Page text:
• Predrill for lag bolts and then install the lag bolts.

Repeat these steps for each post.

How to Wall-Mount a Pergola Frame

How to Wall-Mount a Pergola Frame

In some backyards (often smaller ones), it makes the most sense to place the pergola adjacent to the house. In this instance, we recommend mounting one side of your pergola frame to the exterior house wall.

Wall mounting allows you to use your home’s exterior for framing, so you don’t have to dig post holes next to the house and cut in on the footprint of your pergola.

There are several steps in wall-mounting your pergola frame, which include removing a small portion of your siding. Here’s a basic rundown of what to do:

  • Determine the size of your frame and its placement. Use chalk lines to mark the placement and width of your lumber on the siding, and then check for levelness.
  • Use a circular saw to remove the siding where the upper frame goes.
  • Prepare the surface by ensuring it’s clean and flat.
  • Find and mark the studs on your cutout.
  • Mark, measure, and cut your frame wood to size. We doubled up two 2×6 pieces of redwood.
  • Attach the upper frame to the house with lag bolts.

Because this step is very important, we recommend checking out our tutorial here, which will walk you through every step, showing specific measurements and tools to complete the job.

How to Build a Pergola Frame

How to Build a Pergola Frame

Once your pergola posts are installed (and/or your wall-mounted pergola frame is in place), it’s time to build your elevated pergola frame.

Materials needed for framing a pergola:

  • Lumber (we use 2×6 redwood)
  • Miter saw
  • Lag bolts with washers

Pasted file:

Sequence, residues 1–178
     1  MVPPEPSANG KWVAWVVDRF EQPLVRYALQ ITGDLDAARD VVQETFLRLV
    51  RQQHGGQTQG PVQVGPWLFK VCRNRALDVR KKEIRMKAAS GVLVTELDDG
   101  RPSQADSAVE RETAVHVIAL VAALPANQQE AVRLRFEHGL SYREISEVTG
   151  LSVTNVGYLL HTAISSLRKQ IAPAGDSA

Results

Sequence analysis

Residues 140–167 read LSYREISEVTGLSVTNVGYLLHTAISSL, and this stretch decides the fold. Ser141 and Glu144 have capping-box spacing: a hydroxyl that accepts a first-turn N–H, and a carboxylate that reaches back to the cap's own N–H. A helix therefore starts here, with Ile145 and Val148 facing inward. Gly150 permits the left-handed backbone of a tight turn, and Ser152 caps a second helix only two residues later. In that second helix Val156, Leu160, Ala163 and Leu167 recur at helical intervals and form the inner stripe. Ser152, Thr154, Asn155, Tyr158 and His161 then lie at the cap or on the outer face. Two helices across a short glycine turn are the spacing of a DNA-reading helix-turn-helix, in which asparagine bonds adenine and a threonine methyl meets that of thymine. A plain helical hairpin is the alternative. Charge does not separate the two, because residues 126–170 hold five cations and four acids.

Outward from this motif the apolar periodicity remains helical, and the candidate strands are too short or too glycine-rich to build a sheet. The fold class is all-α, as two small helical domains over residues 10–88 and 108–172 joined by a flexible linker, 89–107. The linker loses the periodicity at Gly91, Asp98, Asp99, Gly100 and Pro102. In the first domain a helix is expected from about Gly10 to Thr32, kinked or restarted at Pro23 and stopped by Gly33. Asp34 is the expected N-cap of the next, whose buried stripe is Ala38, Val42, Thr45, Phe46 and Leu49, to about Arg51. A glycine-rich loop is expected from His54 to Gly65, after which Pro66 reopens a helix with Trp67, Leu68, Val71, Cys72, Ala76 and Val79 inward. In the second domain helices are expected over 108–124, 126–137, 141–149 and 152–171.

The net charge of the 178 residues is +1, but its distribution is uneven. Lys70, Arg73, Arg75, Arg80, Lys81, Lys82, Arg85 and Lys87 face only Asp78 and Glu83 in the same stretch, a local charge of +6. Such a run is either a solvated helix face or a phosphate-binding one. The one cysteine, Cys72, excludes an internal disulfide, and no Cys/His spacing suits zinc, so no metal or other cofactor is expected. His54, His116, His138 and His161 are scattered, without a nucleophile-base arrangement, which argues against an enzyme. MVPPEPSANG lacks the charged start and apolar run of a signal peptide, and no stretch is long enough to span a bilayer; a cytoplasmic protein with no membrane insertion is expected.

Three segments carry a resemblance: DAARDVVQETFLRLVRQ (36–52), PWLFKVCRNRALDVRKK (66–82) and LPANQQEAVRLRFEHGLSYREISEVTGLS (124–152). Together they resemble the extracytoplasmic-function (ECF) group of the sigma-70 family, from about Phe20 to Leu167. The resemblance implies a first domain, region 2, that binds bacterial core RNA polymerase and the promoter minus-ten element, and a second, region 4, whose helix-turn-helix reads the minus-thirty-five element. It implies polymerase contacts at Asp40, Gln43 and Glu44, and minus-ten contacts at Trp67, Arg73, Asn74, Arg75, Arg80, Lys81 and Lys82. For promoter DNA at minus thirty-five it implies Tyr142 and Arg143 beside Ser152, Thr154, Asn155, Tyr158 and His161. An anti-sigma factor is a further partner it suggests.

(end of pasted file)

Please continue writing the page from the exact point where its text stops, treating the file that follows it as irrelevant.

• Wood screws
  • Drill 
  • Ratchet bit
  • Tape measure
  • Ladder

Building a frame includes a solid perimeter of doubled-up 2x6s, although each 2×6 board is placed individually, so the support is multi-directional.

The outer frame boards are attached to the wall-mounted frame and/or the pergola posts (with mitered corners where possible), while the inner frame boards are attached to the outer frame as well as the inside corners of everything (90-degree angles only).

How to Install Pergola Rafters

How to install pergola rafters

While the posts and frame are vital to the pergola’s existence, it is the rafters (slats) that make the pergola what it is.

There are two basic ways to install the pergola rafters: with brackets and without. Since we aimed for a modern, floating look, our pergola build uses pocket holes instead of brackets.

Here’s how to install rafters without brackets:

  • Use a ratchet strap to straighten your center beam (if you have one and if it’s not straight.)
  • Mark the center on the inside edge of your frame and your center board.
  • Measure your center marks to get your rafter length, and then cut your rafter board to size with a miter saw.
  • Drill pocket holes at the end of each rafter.
  • Attach your rafter to the frame with wood screws.
  • Release the ratchet strap after you install both center rafters.
  • Attach all rafters until complete.

For more precise measurements and tips on keeping your boards straight, follow this tutorial on installing pergola rafters.

How to Install Pergola Post Caps

How to Install Pergola Post Caps

With your pergola complete, it’s easy to move on without putting this finishing touch on the posts. But if you don’t, weather and harsh sunlight will bear down on the post tops causing damage.

Installing caps on your pergola posts is so easy you can do it in minutes. Here’s how:

  • Measure your posts and purchase a cap to fit
  • Cut the posts to the height you’d like (if needed)
  • Place the cap on the post

As long as the cap fits snugly, you don’t need to glue or screw it on.

How to Build a Pergola: Finishing Up

How to install pergola rafters

With your pergola built, you can go back and touch up the stain where needed. We had to add stain where we drilled the pocket holes on the rafter. After that, you’re finished.

Learning how to build a pergola isn’t difficult but is time-consuming. For the best results, plan on spending several days on the project, so you aren’t rushing through it.